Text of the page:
Commissioner ‘acted correctly’ in case of unlawfully detained officer


Tribune Staff Reporter

POLICE Commissioner Clayton Fernander believes he acted correctly in a case that has left taxpayers on the hook for damages after a judge ruled a police officer was unlawfully detained.

Sergeant Theodore Neily sued the government, saying police detained him for declaring support for attorney Maria Daxon.

He said on September 1, 2016, he was talking to a colleague at the Central Detective Unit about Ms Daxon’s arrest when he declared: “They should free Maria Daxon. No justice, no peace.”

Police had arrested Ms Daxon for allegedly defaming senior police officers.

After leaving work that day, Sgt Neily said he was summoned back to the office to meet Mr Fernander, then the Chief Superintendent of Police responsible for CDU.

 He said Mr Fernander questioned him about his comments then accompanied him to police headquarters to see former Police Commissioner Anthony Ferguson.

 He said he was not allowed to drive his own car to headquarters but was instead driven there in a police jeep. He claimed senior police officers defamed him at headquarters.

 Supreme Court Justice Camille Darville-Gomez rejected his defamation claim.

 However, she ruled that he was unlawfully detained, writing: “It was pellucid from the evidence that the plaintiff was not reasonably suspected of having committed or being about to commit a criminal offence which would cause the plaintiff’s transportation from CDU to the police headquarters to be lawful. The plaintiff was not permitted to drive in his own vehicle and was unaware of the reason or purpose of his meeting with the Commissioner of Police.”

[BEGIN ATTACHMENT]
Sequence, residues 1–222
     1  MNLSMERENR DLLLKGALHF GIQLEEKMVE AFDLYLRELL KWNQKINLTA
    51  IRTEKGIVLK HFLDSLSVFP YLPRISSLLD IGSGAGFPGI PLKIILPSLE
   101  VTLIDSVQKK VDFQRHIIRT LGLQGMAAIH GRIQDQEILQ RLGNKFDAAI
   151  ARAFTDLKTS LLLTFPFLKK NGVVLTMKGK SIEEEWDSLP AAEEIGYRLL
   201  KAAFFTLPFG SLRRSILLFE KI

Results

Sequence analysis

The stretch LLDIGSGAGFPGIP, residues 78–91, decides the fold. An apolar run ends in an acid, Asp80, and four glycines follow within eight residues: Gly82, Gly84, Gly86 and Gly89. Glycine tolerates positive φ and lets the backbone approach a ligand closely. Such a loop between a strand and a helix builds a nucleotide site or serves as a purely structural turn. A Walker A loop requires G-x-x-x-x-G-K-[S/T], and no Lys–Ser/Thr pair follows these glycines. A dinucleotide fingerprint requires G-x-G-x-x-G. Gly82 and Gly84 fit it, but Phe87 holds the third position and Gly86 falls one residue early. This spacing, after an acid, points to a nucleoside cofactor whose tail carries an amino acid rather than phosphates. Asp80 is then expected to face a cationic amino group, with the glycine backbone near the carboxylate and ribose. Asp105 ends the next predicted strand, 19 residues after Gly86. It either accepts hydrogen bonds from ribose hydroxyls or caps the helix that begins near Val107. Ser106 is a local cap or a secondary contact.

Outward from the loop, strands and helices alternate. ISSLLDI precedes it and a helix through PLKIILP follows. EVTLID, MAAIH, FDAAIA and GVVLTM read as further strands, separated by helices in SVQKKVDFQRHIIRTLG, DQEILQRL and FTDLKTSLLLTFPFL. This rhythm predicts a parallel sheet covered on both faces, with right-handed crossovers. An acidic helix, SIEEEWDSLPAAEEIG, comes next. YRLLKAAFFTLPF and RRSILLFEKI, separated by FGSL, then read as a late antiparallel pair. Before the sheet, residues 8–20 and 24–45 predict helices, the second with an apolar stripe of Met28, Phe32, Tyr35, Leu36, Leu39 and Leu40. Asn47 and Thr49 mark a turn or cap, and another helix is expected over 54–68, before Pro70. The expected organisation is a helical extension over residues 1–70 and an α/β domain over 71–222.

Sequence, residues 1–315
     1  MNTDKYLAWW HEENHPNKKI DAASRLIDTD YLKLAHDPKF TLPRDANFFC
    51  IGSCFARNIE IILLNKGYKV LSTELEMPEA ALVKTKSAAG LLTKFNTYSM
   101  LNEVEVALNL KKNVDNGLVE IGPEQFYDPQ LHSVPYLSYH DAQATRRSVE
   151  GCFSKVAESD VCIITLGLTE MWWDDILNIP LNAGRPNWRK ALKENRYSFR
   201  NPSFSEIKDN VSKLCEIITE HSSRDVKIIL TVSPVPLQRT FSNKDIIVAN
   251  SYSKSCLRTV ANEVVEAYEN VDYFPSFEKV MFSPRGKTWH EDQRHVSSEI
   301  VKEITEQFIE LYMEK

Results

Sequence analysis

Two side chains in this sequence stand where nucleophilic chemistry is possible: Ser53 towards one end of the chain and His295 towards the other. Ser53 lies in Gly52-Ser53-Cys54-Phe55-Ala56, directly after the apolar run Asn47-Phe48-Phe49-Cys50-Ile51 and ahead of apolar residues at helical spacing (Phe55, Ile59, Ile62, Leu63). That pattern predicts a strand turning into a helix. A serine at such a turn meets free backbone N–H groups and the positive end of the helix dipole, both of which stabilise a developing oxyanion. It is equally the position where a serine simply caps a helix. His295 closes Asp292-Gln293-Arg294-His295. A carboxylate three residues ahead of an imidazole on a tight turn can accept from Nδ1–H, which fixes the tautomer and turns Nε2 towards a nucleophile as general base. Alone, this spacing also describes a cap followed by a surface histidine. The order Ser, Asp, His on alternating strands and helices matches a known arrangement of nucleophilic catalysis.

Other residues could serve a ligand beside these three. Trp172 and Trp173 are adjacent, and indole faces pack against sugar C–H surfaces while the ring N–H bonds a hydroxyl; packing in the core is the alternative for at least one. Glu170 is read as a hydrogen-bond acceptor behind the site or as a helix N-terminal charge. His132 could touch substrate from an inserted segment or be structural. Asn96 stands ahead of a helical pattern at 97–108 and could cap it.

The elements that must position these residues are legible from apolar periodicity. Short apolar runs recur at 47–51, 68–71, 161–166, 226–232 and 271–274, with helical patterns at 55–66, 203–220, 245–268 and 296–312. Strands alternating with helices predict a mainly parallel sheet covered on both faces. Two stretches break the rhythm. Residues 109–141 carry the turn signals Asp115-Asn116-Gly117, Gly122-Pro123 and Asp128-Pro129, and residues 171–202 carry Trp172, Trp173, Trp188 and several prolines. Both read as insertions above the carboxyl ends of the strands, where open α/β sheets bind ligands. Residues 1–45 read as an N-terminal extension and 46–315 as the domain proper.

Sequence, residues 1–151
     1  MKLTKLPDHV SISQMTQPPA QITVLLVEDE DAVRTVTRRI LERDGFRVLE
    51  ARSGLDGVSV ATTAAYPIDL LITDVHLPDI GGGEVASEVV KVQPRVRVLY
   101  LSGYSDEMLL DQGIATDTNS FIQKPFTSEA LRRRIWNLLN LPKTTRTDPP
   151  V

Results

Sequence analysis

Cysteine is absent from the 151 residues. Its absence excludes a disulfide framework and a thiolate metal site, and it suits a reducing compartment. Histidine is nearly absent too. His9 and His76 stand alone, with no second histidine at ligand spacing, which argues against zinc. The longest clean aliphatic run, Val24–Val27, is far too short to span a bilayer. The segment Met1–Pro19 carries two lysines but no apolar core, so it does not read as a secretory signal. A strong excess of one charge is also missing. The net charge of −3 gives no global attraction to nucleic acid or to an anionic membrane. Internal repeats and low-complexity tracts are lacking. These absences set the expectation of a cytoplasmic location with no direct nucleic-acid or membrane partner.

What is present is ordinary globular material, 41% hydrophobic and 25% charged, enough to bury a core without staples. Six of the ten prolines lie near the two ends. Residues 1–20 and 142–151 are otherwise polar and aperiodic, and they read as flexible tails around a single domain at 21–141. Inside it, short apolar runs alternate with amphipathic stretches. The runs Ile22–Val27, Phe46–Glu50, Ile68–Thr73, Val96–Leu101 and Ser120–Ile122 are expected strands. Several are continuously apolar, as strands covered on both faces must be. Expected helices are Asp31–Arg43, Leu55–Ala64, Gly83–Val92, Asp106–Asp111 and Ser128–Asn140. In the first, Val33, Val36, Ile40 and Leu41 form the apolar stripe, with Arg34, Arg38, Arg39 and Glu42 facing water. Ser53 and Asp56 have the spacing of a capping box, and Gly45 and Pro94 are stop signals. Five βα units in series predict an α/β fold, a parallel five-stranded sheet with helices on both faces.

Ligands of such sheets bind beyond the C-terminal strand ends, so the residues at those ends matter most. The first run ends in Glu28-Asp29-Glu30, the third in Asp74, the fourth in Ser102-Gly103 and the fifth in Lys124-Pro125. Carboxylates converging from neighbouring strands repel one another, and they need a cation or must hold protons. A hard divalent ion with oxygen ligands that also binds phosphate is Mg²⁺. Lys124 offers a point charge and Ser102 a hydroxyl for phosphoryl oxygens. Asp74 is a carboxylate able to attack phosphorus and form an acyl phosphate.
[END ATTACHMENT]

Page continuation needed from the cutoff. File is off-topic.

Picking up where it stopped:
The case has been adjourned to consider damages.

 Reacting to the ruling yesterday, Commissioner Fernander said: “No, it was not (an abuse of power) and that matter is being further addressed by the Attorney General’s office and I will leave it at that.”

 Asked if he believes he acted correctly, he said: “Absolutely, and that’s why the Attorney General’s office is looking further into the matter and they are looking at a view of appealing the matter.”

 National Security Minister Wayne Munroe supports the commissioner, saying he told him instruct the attorney general to appeal the matter.

 “A policeman on duty has to obey the order of his superior,” Mr Munroe said. “If the judge is correct, then if a senior officer were to say to a junior, ‘we are going on patrol,’ the officer could say, ‘I choose to ride in my own car’.”

 “Discipline is necessary in those agencies. You don’t get to decide how you do what you do. When they go on some operations, their phones are taken from them; all sorts of things that couldn’t happen to me or you, but then we’re not members of a disciplined force.”

 Attorney General Ryan Pinder said lawyers are reviewing the ruling and considering prospects for appeal.

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